Already this year, we’ve seen announcements of two major transactions in the media and telecommunications space: Comcast announced plans to acquire Time Warner Cable, and AT&T announced plans to acquire DirecTV. Congress has begun weighing in on these transactions and, if recent press reports are to be believed, they will soon have an opportunity to review the long-rumored merger of Sprint and T-Mobile. It is this third proposed transaction that is most interesting because it carries the potential of a policy dilemma for both Republicans and Democrats in Congress.
For Congressional Republicans, the typical starting point is that every merger is a good merger. In the telecommunications industry, one need only consider the proposed AT&T takeover of T-Mobile in 2011 to see how Republicans were virtually unanimous in their support of an acquisition that would have seen a dominant player in the wireless industry with a history of abusing its market power become even larger.
However, a merger of Sprint and T-Mobile would put Republicans in an awkward position. Reflexively supporting this transaction would mean creating a third wireless carrier with total subscribers equal to the largest two wireless operators — AT&T and Verizon — and the scale to offer real competition to both. Greater competition is generally a good thing for free market proponents, but the competition from a combined Sprint and T-Mobile would be a real threat to AT&T and Verizon — each a well-heeled and long-tenured patron of congressional Republicans.
It is possible that congressional Republicans could tether their opposition to the well-publicized skepticism of such a deal that has been expressed by the Department of Justice and, to a lesser extent, by the Federal Communications Commission. Of course, this would put Republicans in the position of siding with President Obama’s Justice Department and the Democrat-led FCC, not to mention implicitly ceding some of their investigatory authority to the bureaucracy. Ultimately, the path to policy consistency for congressional Republicans is to support a merger of Sprint and T-Mobile, despite the threat that the new entity would pose to AT&T and Verizon. It will be interesting to see whether they can do it.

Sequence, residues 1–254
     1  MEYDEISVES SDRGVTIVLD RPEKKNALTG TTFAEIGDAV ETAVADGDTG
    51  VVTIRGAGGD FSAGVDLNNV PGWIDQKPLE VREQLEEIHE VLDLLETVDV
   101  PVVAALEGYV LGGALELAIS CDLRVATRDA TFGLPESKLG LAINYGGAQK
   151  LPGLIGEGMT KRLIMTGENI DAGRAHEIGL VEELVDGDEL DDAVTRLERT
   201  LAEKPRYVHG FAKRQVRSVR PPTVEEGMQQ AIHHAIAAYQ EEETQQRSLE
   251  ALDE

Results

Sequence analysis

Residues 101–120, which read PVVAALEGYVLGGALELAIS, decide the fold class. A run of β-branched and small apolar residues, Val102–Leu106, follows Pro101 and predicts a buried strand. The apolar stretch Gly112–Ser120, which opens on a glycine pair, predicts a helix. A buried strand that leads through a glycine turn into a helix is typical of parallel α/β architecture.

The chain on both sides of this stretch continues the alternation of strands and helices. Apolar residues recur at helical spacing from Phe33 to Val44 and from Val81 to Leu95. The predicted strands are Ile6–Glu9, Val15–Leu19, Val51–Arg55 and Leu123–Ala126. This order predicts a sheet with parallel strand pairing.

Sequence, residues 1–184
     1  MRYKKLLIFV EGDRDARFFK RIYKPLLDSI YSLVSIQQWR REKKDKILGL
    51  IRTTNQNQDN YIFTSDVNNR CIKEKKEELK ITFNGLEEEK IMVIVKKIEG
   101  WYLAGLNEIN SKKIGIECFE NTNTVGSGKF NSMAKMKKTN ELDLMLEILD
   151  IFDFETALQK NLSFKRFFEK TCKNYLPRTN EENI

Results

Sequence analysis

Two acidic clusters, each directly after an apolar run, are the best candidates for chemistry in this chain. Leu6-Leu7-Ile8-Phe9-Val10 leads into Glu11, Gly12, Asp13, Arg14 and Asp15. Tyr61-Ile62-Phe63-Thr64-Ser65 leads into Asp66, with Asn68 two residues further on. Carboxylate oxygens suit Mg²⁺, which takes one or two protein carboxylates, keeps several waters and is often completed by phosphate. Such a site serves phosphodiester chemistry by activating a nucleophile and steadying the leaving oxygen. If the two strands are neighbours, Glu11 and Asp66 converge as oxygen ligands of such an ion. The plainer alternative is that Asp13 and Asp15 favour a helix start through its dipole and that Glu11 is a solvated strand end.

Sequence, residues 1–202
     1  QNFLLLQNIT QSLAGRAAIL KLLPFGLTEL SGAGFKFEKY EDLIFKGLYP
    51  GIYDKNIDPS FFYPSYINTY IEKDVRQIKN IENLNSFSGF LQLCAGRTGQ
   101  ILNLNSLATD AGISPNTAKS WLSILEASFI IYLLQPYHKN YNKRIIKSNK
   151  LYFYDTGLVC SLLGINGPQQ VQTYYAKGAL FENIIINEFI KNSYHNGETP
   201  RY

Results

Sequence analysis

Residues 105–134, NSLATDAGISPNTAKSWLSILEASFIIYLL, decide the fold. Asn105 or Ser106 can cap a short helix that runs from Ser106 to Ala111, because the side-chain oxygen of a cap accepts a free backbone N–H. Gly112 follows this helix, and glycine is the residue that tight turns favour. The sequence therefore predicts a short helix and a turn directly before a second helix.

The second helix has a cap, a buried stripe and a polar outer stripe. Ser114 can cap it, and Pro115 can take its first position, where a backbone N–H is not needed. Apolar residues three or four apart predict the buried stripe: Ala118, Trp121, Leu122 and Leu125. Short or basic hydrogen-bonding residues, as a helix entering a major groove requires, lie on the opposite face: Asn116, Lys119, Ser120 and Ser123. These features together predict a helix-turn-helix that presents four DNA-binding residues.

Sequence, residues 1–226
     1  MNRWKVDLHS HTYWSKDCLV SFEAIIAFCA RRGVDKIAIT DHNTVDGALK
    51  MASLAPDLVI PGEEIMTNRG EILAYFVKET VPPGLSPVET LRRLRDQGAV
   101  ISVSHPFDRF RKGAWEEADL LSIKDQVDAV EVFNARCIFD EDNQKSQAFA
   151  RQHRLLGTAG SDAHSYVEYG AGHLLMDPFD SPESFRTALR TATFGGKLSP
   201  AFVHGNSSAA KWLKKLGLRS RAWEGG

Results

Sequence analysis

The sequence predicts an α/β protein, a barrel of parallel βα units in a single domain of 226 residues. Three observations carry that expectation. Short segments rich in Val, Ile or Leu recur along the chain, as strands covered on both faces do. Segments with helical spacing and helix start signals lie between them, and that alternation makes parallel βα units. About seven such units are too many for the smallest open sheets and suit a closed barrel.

The Democrats in Congress have an easier path to consistency, though perhaps a more difficult philosophical hurdle to overcome. On one hand, congressional Democrats typically are committed to promoting and strengthening consumer benefits in the marketplace. But on the other hand, they generally are skeptical of large corporations and, particularly, large-scale mergers where major players in an industry become even bigger through transactions. Again, one need only consider the positions congressional Democrats took in AT&T’s failed acquisition of T-Mobile in 2011.
The Democrats’ path to policy consistency is easy in this hypothetical for the same reason it is difficult for Republicans. That is, the combination of Sprint and T-Mobile creates a third carrier with the scale to be an effective competitive counterbalance to AT&T and Verizon, each of which is proportionally massive when compared to the rest of the industry.